This blog was written as a tribute to the Congressman John Lewis
July 22 2020 — Consumed by the Covid-19 pandemic and the economic crisis, it seems that we are postponing our political rights for the “return to normality”. This approach, however, is not going to allow us to resolve the situation in which we are in. It is a priority that we include within our immediate concerns the exercise of our political rights. The election of local and national leaders, legislators and other public authorities has a direct impact on the capability of our countries to respond to current challenges. Therefore, political rights cannot be a secondary issue, but must be at the center of our discussions and efforts to survive, to overcome challenges, and to find inclusive political projects, in which we all see ourselves represented. The pandemic has made inequity, racism, and xenophobia even more visible in our societies. We have seen first-hand the difference a political leadership committed to the well-being of its people can make, compared to those who seek to benefit themselves or a few.
In the United States, we as civil society work to achieve changes in public policies that address the structural conditions of inequity that generate the prevalence of Covid-19 contagion in historically excluded populations, such as Afro-descendants, Latinos, and indigenous peoples. This means raising our voice in the face of the unfortunate decisions of some elected officials who have worsened the situation of these populations as a result of their actions, such as the exclusion of the immigrant population in economic relief packages amid the health crisis and limitations on the right to vote.
How can we express our voice?
Organize: we must participate in community efforts to generate mutual support and reject measures that are oppressive and contrary to our interests. An example of these actions are the massive protests against racial violence. It has gone from protesting to asking elected officials to prioritize investment in communities, and the protection of the lives of people who are victims of acts of hatred and racism.
Defend and exercise the right to vote: we must know and educate others about our political rights: the right to vote, and the right to be elected and to be a public official. We must know our rights and act so that they are respected. The months of August and September are key to guaranteeing that all people entitled to vote do so in a safe, fair, and transparent manner.
Diversify faces: elected representatives must reflect the racial, ethnic, national origin, sexual orientation and gender identity diversity of the society that elected them. They must be able to respond to the challenges of the different electoral districts. Voters hope to find voices and proposals in which they feel included and that respond to the needs of their community. In the last four years we have seen how the composition of federal, state and local legislative bodies has changed with more people who are not part of traditional political circles and who come from the heart of communities. They run for elected office and are elected. That is the renewal that the communities are demanding.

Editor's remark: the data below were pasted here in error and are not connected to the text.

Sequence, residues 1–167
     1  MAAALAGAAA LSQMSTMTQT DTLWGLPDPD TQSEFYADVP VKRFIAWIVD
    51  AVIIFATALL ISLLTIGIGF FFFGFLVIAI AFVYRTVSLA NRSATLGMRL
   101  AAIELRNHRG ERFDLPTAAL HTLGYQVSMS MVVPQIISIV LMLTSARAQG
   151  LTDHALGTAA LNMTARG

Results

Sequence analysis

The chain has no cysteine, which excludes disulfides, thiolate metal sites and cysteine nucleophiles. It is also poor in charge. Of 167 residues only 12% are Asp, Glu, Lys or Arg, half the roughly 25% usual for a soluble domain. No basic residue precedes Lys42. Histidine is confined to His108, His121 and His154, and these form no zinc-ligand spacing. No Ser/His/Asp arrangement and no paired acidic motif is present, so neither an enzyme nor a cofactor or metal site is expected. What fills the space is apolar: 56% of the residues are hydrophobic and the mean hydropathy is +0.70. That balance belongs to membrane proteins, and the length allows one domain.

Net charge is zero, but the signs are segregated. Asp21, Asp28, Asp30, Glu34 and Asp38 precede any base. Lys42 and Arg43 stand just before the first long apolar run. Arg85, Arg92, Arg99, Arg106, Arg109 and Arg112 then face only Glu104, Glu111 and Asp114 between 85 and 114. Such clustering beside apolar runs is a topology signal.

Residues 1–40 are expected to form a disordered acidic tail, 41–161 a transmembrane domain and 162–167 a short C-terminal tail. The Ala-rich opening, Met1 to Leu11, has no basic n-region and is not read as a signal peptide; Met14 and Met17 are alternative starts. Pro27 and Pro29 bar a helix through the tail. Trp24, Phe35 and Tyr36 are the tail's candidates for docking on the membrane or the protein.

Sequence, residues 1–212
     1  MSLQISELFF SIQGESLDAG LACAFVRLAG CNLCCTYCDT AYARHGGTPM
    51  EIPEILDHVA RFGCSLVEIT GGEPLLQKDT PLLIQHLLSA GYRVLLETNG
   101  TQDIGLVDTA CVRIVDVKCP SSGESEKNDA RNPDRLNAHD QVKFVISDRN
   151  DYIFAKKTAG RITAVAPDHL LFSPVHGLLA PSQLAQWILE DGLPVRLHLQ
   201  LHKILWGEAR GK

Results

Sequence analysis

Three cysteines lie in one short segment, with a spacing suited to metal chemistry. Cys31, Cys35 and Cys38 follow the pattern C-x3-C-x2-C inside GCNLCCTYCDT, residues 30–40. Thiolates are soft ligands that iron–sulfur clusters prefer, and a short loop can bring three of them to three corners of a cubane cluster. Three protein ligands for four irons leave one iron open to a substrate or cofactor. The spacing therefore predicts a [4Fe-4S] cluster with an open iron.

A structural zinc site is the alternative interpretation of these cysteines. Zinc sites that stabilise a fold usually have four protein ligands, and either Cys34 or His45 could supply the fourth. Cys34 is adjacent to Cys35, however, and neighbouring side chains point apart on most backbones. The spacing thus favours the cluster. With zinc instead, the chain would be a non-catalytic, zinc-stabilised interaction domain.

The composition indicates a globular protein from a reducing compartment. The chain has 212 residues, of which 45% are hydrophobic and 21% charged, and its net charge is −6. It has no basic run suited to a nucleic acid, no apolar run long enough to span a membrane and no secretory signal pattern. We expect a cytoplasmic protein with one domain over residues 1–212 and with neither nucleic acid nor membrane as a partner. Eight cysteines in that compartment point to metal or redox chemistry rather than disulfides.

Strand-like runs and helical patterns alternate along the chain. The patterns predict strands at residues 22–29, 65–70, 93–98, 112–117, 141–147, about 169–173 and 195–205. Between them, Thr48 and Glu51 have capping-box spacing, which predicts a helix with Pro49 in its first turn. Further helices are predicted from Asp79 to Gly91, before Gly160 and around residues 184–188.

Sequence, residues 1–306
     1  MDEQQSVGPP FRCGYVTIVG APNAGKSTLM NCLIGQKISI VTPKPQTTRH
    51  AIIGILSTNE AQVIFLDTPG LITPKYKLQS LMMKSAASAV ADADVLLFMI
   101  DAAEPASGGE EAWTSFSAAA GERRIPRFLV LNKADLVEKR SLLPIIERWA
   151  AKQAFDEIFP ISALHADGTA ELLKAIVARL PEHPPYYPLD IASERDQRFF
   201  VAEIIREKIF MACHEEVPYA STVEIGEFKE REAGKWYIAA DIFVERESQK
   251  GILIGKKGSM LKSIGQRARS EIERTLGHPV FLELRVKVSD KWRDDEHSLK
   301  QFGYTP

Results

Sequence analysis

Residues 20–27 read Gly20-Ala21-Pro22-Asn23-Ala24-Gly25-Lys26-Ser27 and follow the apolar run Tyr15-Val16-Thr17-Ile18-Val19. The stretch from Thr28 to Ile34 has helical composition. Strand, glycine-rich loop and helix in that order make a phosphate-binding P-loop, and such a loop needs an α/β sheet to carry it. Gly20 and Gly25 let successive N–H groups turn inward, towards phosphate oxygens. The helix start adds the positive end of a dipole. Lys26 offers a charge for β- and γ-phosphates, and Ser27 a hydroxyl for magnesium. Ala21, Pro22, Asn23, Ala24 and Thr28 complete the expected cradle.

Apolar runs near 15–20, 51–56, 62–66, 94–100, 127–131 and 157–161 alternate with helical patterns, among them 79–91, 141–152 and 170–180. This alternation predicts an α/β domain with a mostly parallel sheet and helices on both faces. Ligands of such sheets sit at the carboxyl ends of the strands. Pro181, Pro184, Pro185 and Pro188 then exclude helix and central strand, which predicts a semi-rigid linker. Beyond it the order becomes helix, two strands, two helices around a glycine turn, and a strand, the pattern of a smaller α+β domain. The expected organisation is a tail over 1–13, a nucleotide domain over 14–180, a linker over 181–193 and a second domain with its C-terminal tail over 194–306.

In the case of Mexico there are other challenges. For several decades, the Mexican population residing abroad has led a fight for their political rights. These claims have borne some fruit in terms of political participation. However, the demand for the creation of migrant deputies in all the states of the federation and of mechanisms that facilitate the participation in the electoral process of people residing outside the country continues. In the 2018 elections there was a notable increase in the electoral participation of Mexicans abroad: 98,708 according to data from the Institute of Mexicans Abroad (IME), which is however very low. In 2021, voting by mail may be exercised pending the approval of the electronic vote for state governnors and migrant deputies. The vote and legislative representation of Mexicans abroad must be part of the political transformation. Mexicans can play a very important role in promoting voting rights of their compatriots residing abroad.
In the case of Central America, in El Salvador, despite the pandemic and some emerging allegations of fraud, political parties are holding internal elections to define their candidates for the legislature. In this period, electoral aspirations begin to emerge among public officials. In Honduras, there is concern about the proposal to postpone the presidential elections, which would result in Juan Orlando Hernández – fraudulently elected in 2017 – continuing in office.
The pandemic has allowed us to confirm the level of commitment our elected officials have to responding to the needs for medical care, and to address the economic crisis that we face. The exercise of political rights is now more important than ever. We are going to choose the authorities that will have the responsibility of reactivating the economy, of offering public health, and of generating the conditions under which we can all move ahead. We must exercise citizen control to ensure that our political leaders respond to the needs of our communities and not to private interests. Today our vote is worth more than ever.